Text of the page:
World questions British ‘crisis of trust’
In the wake of the hellish blaze that killed dozens in London, the UK began allocating blame. But foreign media pondered what the tragedy tells about deeper problems in British society.
The remains of Grenfell Tower continued to smoulder in west London yesterday. Police announced the confirmed death toll had risen to 17. And blame was starting to be apportioned.
Fingers were pointed at the council and housing association, who seem to have ignored residents’ warnings about fire safety. London MP David Lammy angrily called for justice.
“It is corporate manslaughter. That’s what it is,” he told BBC radio. “And there should be arrests made, frankly. It is an outrage.”
The opposition Labour Party criticised the government, which it said had “sat on” a report about fire safety in tower blocks, following two similar incidents. The prime minister, Theresa May, ordered a full public inquiry into the disaster.
But while this debate raged in the UK, newspapers outside Britain wondered what the fire said about the state of British society in the wake of last week’s shock election result, seen as a rejection of the status quo.
The Washington Post asked what the London fire tells us about the crisis in Western democracy. The New York Times said that the fire “shows why Britons don’t trust the system.”
The Post highlighted the comments of a Kensington pastor, Danny Vance. “The disparity in this country between rich and poor is disgusting,” he told the i newspaper. “This would not have happened in those £2m, £5m flats around the corner.”
There is a huge contrast between the poor council estates of North Kensington, where Grenfell Tower is located, and the surrounding luxury flats and houses. As Lammy also pointed out, Kensington is the richest borough in the UK.
And yet it seems that money could not be found to remedy residents’ safety concerns, while there are claims that controversial cladding was added to the building in part to improve the view from nearby, more expensive properties.
As The New York Times points out, the residents found those in charge “unresponsive”. The issue is not just one of income inequality, but also of unequal access to power, it says.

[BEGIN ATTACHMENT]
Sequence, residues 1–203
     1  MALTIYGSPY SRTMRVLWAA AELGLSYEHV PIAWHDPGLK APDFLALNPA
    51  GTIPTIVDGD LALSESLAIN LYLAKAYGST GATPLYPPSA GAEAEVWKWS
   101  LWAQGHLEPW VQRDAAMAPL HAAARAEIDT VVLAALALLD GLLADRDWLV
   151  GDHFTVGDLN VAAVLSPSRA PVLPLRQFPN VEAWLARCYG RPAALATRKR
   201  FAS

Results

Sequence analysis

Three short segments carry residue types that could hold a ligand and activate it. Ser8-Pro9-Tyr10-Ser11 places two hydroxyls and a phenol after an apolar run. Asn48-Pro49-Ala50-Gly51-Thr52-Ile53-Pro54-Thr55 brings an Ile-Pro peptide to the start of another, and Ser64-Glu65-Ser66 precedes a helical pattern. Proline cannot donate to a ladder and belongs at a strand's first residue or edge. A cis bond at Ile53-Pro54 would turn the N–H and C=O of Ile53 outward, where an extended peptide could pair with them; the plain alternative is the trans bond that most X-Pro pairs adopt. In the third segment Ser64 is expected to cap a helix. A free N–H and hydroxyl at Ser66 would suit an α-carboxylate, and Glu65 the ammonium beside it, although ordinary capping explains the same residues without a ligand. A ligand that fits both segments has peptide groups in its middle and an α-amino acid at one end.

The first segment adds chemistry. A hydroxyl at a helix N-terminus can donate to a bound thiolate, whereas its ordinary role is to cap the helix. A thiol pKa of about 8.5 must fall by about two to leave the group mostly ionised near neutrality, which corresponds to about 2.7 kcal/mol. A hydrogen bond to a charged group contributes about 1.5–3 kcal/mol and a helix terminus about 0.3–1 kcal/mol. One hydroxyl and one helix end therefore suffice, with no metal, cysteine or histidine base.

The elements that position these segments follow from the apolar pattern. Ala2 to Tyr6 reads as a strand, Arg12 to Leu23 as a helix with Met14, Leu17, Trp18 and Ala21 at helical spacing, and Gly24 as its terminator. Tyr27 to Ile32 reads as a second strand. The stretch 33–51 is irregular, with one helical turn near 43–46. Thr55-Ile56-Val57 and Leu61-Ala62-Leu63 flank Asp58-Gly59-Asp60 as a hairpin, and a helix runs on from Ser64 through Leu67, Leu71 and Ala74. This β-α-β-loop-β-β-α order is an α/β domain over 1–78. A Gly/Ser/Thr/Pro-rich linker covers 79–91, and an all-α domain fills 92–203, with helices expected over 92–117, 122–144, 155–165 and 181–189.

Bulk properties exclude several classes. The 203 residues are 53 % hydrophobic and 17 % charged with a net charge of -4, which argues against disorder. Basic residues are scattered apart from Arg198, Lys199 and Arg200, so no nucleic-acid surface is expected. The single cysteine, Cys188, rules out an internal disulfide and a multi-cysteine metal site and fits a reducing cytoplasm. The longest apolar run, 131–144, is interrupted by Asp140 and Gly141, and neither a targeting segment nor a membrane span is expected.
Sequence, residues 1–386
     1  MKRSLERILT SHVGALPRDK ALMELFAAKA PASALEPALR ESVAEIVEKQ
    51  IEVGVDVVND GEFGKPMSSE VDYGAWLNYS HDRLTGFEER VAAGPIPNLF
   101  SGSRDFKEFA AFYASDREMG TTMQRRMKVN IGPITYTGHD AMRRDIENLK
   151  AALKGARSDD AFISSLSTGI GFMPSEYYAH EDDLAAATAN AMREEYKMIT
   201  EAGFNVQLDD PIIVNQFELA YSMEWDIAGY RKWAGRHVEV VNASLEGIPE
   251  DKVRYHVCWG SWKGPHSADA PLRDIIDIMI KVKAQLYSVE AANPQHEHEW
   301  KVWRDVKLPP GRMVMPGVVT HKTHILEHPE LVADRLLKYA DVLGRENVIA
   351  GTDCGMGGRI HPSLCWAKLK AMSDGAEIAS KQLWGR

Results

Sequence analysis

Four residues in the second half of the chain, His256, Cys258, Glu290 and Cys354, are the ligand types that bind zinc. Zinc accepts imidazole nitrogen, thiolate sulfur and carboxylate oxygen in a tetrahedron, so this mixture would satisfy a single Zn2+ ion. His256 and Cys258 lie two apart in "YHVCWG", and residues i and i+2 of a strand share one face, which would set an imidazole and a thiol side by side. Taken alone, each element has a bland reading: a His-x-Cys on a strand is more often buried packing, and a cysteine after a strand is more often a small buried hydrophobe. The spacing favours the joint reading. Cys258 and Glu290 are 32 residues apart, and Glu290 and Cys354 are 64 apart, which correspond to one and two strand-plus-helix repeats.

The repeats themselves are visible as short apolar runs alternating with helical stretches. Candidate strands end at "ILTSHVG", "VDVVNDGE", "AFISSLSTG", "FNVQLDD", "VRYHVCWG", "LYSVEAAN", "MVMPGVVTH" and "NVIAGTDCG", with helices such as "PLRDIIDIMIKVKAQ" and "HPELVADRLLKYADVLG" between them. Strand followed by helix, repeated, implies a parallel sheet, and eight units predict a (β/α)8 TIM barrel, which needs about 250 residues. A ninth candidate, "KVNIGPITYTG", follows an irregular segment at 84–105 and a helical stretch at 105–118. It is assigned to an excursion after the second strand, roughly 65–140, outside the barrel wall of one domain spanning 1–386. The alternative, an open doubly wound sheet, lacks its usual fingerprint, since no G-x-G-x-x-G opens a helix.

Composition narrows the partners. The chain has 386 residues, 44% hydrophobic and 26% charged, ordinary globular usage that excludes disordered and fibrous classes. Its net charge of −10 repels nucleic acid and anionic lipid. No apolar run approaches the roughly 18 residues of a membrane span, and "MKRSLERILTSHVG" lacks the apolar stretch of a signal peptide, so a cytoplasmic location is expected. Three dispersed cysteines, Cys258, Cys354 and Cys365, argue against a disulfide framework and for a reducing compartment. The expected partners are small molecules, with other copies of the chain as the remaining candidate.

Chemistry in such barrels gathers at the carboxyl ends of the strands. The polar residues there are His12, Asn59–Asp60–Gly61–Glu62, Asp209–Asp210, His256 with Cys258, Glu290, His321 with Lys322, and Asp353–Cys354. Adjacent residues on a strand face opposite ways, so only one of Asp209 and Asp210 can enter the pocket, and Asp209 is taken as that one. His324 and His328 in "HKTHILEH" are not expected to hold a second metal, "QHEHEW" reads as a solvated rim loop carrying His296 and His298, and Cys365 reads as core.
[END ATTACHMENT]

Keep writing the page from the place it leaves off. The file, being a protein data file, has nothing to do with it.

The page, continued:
Are these papers right? Is the Grenfell fire really part of a wider story about inequality?
Raking the ashes
Absolutely, say some. It is no coincidence that the people who lived there were poor. They lacked money and they lacked influence; and the local — and perhaps national — government did not care as much about them as it did about their wealthy neighbours. This tragic event has exposed systemic inequality.
Calm down, argue others. It is wrong to politicize this terrible tragedy. Of course there were serious failings, but they were mistakes due to poor management and a lax attitude to health and safety regulations, not because the people who lived in this particular building were poor.
- Was inequality to blame for the Grenfell fire?
- How can governments ensure that similar incidents do not happen in the future?
- In pairs, make a list of ten measures your school should take to prevent a fire.
- Research and write a report on three other disasters from modern history. In your conclusion, discuss whether there are any common features.
Some People Say...
“Things like this are going to keep happening if the poor are ignored in this city.”— Pastor Danny Vance
What do you think?
Q & A
- What do we know?
- This is one of the worst disasters of its kind in recent history, which is why it has received press coverage around the world. It will take days or even weeks for fire fighters to search the building and many people are still missing. They do not expect to find anyone else alive inside the building.
- What do we not know?
- The inquiry announced by the prime minister will try to answer key questions such as how the fire started, why it spread so quickly and who is responsible for the failings that meant it was so deadly. The final loss of life may not be known for some time.
- Death toll
- The fire brigade warned that this would not be the final figure and said that it was expected to rise substantially in the coming days.
- A blog post by the Grenfell Action Group warned seven months ago that the building was at severe risk of fire, pointing to several failings in fire safety.
- David Lammy
- The MP for Tottenham has a friend who lived in the tower and is still missing.
- Similar incidents
- A fire in a tower block in south London in 2009 killed six people, while another in Southampton in 2010 killed two firefighters.
- Crisis in Western democracy
- Unexpected victories for Brexit in the UK and Donald Trump in the USA, as well as a large share of the vote for the far-right in France and other European countries, have led some to declare the West to be in crisis.
- Some experts have suggested that these exterior panels or the way in which they were fitted may have helped the fire spread.